Busting Password Managers: Inert Password Input Field Injection

By Tim MalcomVetter, Paul Wowk ·

This is a continuation of our Busting Password Manager series. Learn more here.

Hypothesis: If an extra (hidden) password input field is inserted above the real password field, then browsers will not save passwords.

The Technique: Think of this technique as "inert password field injection." To test this out, we started with the canned Visual Studio 2013 ASP.NET MVC C# project. The code for this solution can be downloaded from https://github.com/pvwowkfn/AutoCompleteBlog/tree/InertPassword.

First, we modified the AccountModel.cs model file to add the extra password field string property:

And in the Login.cshtml view file, simply insert the control on the page inside a DIV with off-screen styling, but before the actual password input field:

Note no changes were made to the code in the MVC controllers, because we want the server to simply ignore this "inert" password input field altogether. The user experience of the application is essentially unchanged from a user’s perspective:

The inert password input field does not render visually with that styling, so the user will not know it is there unless the HTML source is inspected. From a performance perspective, there’s virtually no impact - just one more parameter to go in the form post. 

However, those minor changes are enough to throw off the modern password managers that no longer respect the "autocomplete=off" tag.

If Chrome, Firefox or Internet Explorer (version 11) already has a saved password, that password will be sent along, but in the first password field on the form. In this case, it will be the hidden password input field that is ignored by the server. So, yes, the saved password will get transmitted back and forth, but that won’t allow a user to automatically log in with the saved password since the server ignores that field. If the user changes a password for the app, the old one will be forever cached in the browser and sent along in the first hidden, useless field while the real one is ignored by the password manager in the second, visible field. Ideally, it would delete the old password, but we’ll still take that as a win.

If the browser does not already have a saved password, there will not be a prompt to save one after successful authentication. This may be because the browsers are looking at the first password field in the request, which is just an empty string, so there’s nothing to save. This seems to dovetail with browsers’ behavior for apps that request a user’s ID, a user’s password in a first password input field and a token-code (e.g. RSA SecurID) in a second password input field. The first password input field might be saved by the password manager, but the browsers typically do not offer to remember the second password input field (the token code field), regardless of an autocomplete value.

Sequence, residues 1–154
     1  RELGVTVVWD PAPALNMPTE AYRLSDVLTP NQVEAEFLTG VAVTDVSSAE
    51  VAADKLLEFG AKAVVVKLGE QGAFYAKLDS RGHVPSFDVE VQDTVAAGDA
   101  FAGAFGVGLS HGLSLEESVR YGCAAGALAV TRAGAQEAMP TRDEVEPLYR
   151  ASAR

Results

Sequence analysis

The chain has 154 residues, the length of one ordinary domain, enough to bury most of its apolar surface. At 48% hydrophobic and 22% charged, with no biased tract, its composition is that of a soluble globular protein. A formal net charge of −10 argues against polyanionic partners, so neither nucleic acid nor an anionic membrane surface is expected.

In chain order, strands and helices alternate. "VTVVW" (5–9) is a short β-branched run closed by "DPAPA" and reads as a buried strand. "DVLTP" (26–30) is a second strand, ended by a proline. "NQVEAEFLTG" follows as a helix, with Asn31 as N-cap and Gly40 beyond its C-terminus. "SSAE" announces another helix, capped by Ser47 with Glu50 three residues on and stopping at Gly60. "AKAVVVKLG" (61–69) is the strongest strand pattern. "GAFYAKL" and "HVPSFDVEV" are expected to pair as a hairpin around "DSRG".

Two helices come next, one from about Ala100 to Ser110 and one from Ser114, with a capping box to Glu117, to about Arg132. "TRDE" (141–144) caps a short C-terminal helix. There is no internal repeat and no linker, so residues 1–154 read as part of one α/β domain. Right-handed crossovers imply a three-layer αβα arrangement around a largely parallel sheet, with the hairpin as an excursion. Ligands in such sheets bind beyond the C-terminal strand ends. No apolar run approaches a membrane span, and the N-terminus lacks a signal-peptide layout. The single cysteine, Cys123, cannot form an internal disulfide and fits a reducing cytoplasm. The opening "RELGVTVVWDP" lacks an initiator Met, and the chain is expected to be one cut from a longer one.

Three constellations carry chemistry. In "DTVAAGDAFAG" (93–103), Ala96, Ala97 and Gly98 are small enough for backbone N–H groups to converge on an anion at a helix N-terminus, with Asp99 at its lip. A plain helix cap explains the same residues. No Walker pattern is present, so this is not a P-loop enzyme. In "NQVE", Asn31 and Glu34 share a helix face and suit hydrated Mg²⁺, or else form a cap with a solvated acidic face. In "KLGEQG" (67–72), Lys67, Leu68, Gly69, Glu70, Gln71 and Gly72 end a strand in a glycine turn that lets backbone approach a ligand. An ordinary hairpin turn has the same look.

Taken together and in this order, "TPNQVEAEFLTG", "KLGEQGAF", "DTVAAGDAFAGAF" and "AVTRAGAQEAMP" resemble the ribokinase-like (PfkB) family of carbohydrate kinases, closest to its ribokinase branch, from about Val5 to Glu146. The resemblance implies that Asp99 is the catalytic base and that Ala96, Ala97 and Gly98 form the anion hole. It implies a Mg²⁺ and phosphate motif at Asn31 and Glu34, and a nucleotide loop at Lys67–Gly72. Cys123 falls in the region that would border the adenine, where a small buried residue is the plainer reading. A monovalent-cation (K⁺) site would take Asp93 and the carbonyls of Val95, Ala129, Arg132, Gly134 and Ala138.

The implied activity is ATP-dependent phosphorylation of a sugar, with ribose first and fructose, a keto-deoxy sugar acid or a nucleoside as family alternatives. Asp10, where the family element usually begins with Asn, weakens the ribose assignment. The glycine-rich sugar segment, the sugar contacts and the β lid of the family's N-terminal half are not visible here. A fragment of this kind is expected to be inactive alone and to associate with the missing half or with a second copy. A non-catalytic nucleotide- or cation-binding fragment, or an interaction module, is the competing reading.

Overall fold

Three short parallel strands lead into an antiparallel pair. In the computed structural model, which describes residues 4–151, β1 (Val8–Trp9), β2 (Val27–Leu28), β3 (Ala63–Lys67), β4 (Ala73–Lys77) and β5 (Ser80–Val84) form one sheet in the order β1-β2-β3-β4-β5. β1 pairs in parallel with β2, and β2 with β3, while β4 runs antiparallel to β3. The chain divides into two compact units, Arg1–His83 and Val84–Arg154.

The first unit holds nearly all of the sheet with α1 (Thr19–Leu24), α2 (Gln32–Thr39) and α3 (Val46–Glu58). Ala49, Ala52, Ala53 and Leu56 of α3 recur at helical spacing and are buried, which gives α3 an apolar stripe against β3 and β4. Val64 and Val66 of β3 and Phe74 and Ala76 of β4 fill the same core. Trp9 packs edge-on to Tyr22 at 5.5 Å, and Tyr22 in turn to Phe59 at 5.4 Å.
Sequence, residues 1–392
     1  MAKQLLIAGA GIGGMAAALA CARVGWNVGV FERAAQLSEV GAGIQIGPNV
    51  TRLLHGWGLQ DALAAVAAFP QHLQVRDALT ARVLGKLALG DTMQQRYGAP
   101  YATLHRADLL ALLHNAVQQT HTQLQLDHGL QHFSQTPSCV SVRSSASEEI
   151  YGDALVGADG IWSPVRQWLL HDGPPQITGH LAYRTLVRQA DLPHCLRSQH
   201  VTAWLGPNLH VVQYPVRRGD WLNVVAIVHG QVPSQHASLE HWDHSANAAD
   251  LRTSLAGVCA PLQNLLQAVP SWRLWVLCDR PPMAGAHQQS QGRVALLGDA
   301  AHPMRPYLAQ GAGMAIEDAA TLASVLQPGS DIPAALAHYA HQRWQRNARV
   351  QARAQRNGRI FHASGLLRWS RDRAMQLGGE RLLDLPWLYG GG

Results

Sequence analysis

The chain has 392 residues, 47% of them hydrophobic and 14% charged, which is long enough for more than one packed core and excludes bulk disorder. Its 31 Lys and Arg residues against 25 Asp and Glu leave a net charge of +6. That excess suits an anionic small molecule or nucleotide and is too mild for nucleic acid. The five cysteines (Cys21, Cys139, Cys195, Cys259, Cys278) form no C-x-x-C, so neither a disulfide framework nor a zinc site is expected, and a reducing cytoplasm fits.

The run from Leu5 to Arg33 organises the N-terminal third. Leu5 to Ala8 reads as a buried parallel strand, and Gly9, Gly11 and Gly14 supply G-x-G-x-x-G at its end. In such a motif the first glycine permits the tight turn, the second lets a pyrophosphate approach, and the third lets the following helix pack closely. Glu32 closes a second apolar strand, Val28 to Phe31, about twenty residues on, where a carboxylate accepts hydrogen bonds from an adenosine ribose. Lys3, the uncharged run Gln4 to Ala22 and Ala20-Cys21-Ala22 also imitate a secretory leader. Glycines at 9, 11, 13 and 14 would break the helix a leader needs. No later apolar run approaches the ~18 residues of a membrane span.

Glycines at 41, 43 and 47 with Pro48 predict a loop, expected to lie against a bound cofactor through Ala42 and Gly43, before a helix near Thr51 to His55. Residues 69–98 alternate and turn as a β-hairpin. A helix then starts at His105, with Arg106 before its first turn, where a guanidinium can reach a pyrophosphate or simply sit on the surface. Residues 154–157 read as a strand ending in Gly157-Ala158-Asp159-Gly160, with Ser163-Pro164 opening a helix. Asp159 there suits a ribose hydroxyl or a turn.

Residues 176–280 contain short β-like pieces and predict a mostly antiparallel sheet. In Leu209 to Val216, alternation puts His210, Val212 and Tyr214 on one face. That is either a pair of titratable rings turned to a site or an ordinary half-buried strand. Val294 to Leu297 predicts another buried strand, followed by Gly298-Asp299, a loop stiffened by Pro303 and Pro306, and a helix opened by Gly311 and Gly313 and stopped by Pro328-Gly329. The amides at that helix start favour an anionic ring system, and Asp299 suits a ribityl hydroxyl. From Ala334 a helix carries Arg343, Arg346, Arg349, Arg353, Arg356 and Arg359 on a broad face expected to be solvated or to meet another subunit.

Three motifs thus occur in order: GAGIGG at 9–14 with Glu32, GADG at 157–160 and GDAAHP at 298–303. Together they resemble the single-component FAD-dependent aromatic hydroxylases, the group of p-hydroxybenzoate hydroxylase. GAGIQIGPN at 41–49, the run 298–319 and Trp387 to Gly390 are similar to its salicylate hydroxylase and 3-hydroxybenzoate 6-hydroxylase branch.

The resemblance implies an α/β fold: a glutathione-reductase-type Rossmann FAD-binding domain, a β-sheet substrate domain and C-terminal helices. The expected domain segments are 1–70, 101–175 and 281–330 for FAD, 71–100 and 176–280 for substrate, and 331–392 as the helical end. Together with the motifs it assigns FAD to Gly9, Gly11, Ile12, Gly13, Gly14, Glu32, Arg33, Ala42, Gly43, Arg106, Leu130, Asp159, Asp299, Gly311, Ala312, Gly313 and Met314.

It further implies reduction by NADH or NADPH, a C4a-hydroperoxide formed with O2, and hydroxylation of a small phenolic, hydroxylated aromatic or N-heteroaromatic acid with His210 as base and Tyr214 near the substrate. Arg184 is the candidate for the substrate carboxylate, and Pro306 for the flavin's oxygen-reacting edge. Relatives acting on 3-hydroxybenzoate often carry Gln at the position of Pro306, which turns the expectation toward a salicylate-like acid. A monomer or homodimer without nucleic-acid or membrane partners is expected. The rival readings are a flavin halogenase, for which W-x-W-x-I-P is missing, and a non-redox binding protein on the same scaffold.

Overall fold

This same inert password field injection technique can be applied to user registration or password change forms as well. For example, in the same default MVC project, edit the RegisterModel and add the extra string property:

In the Register.cshtml view, inject the inert password field just above the actual password field, and its twin confirmation password field using hidden styling like applied to a <DIV> tag. This will result in three password fields on the register page, but the inert password field is not shown on the client nor evaluated on the server:

Likewise, this inert password injection technique can be applied to the password change interaction as well. In the MVC example, add the string property to the LocalPasswordModel:

In the corresponding view, edit the _ChangePasswordPartial.cshmtl to inject the inert password input field after the old password field but before the new password field and confirmation:

In the long run, injecting an inert password field may be a slight hack, but it does appear to at least offer some odds in the favor of the developer, while illustrating this could become a minor arms race for control of password managers in the browser. For example, suppose Chrome, Firefox or IE become more sophisticated and ignore the values in password fields with hidden or off-screen styling. Some tricks might be to inject an inert password input field with visible styling, but buried under another HTML layer (floating div or iframe) that contains the actual password input field. Or perhaps developers can trick browsers by injecting more than two inert password fields. With all the popular, modern browsers it is possible to confuse the password manager by injecting an inert and unused password field.

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